On a lighter note: Underwriters (and wily brokers) can still drink at lunchtime but lowly Lloyds workers are crestfallen by ban

by | Feb 17, 2017 | Uncategorized | 0 comments

The Lloyds of London insurance market has introduced a ban on its workers from drinking during the standard office hours of 9 to 5, effectively ending lunchtime visits to the pub.

Working time alcohol bans originally started with local councils in Britain trying to correct the unfairness of its drivers and heavy machinery operators being banned from drinking alcohol during the day, while their fellow “white collar” council office workers were not similarly affected. Likewise, the pro-multicultural move also prevented some minorities being offended by the consumption of alcohol.

Following these councils were companies who realised that both discipline and performance sometimes suffered when employees came back to work after a drink at lunch at the pub. Now where they have led, so the 329 year-old Lloyds of London insurance market has followed with its own alcohol ban. However, in what amounts to a “classist” element, the ban does not affect underwriters.  That is, the lowly paid cleaner at Lloyds cannot have a drink at lunch but the notionally richer underwriter can.

Critics note that such alcohol bans are symptomatic of the increasing controlling interference and authoritarianism of employers. They state that such bans are often hypocritical given that these same firms often lay on booze-laden Christmas celebrations for staff, but for cost reasons provide little food to soak it up.

As it is, the Lloyds of London Corporation itself is under especial criticism as it runs an “All Bar One” food and drink establishment located in part of its building structure which specifically encourages lunchtime drinking.

While Lloyds of London is not the power it was, it still a place of specialist underwriting including space underwriting. Courtesy: walklondon.com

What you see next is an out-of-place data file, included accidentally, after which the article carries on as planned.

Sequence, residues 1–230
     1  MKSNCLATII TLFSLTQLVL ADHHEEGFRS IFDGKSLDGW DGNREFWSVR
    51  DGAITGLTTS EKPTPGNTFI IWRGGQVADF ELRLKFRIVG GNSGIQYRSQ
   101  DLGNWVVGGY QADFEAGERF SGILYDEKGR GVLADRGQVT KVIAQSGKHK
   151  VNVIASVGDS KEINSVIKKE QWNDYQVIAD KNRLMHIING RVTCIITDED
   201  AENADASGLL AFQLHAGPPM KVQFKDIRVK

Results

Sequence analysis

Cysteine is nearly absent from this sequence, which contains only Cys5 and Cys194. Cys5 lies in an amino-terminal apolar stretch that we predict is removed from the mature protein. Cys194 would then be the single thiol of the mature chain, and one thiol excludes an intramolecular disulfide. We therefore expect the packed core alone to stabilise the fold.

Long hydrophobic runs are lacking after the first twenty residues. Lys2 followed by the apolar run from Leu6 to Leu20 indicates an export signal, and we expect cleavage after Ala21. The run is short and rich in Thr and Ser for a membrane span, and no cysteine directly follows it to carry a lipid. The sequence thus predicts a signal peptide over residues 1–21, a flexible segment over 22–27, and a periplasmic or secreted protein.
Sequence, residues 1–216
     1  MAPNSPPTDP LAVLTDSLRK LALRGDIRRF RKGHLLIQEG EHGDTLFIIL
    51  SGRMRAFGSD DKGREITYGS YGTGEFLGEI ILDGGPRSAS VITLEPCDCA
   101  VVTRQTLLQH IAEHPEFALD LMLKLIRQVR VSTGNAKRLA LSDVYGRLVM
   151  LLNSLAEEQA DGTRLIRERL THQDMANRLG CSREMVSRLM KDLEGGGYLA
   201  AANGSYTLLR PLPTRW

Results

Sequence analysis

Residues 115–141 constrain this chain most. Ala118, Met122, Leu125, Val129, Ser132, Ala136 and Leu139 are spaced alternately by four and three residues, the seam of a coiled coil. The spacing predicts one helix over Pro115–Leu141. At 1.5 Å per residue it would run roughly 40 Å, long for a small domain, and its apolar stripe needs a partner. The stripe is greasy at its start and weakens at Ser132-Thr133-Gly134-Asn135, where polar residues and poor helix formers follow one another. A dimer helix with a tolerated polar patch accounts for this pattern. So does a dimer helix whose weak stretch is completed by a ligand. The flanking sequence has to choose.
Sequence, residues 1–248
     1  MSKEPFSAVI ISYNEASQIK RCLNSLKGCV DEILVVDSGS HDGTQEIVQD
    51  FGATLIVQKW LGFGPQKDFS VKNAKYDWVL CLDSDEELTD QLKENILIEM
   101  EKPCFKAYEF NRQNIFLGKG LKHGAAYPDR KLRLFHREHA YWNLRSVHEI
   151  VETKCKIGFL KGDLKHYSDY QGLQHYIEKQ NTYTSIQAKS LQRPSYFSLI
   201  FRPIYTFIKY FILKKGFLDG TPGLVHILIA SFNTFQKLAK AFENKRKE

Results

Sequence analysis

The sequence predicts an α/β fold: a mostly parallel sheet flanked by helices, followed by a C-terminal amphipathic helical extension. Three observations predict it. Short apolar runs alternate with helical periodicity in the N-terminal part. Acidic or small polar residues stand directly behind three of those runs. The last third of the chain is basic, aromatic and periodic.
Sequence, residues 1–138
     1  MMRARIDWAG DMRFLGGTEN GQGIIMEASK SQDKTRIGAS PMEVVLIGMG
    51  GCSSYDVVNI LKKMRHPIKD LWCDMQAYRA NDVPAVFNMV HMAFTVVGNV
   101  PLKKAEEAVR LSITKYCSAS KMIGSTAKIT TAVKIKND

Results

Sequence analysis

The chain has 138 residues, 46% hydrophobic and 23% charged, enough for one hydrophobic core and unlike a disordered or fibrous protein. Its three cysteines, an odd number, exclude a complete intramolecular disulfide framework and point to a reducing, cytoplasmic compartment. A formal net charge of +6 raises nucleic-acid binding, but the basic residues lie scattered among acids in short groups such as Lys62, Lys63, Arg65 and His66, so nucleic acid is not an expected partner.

While Lloyds of London is not the power it was, its still a place of specialist underwriting including space underwriting. Courtesy: walklondon.com

 

Within the insurance market itself, there is relief that the ban does not directly affect them (class arguments aside). Actually, while most of the boozy business lunch culture had just about died out by the 2000s, a lot of business is still done at lunchtime.  This is despite the hard drinking “boozy barrow boys” and “plastered posh public school types” having how made way for soberer (and possibly more boring) technocrat types such as actuaries, mathematical modellers, scientists and former engineers (especially in the space insurance class).

For while etiquette dictates that detailed business discussions should be left behind at socialising lunches (with alcohol involved to help proceedings), in truth many deals are often started there.

Meanwhile, the insurance brokers operating on behalf of their clients (the insured) are also relieved. For the wilier ones often wait for drunk and dozy underwriters to come back in the afternoon from their alcohol-laden lunches before they tried to pull a stroke against them with their low premium rates and dodgy policy conditions.

There have, of course, been some notably poor space risks passed onto other classes in some clever sleights of hand. Famously, it must have been on one of these afternoons when a broker managed to pass off a Spacehab module carried on the Space Shuttle as a cheap-to-insure aircraft cargo risk. It was subsequently lost with the sadly fatal re-entry destruction of STS-107 Columbia space shuttle mission in 2003.

More recently, last year cargo underwriters were stung by the prelaunch explosive loss of Amos-6. They apparently had no idea that their payload was allowed to be atop a SpaceX Falcon 9 rocket during a fully fuelled live firing test. As such, perhaps underwriters (at least the cargo ones) might be wise to be more sober in future.

Of course, even a partial lunchtime alcohol ban might at least help Lloyds with its reputation after tales of raucously louche behaviour. These include press reports about amorous insurance couples “going for it” in the transparent glass outside lifts/elevators of the famous Richard Rodgers designed Lloyds building.

Those engaged in such activities apparently had to work fast at their attempts at “lift love” as the ride only takes about 10 seconds, and stopping the lift between floors tends to cause security personnel to get involved.

No altimeter is needed to tell you have reached “cloud nine” but some lightning fighter jet controls might be required (see below).

This panel from the cockpit of Lightning T5 supersonic aircraft (aptly located between pilot's legs) has the button you need in a Lloyds of London lift/elevator.  Well, just so long as the flaps are in the right position. Courtesy: Crown Copyright via ScottBouch.com

This panel from the cockpit of Lightning T5 supersonic aircraft (aptly located between pilot’s legs) has the button you need in a Lloyds of London lift/elevator. Well, just so long as the flaps are in the right position. Courtesy: Crown Copyright via ScottBouch.com

 

 

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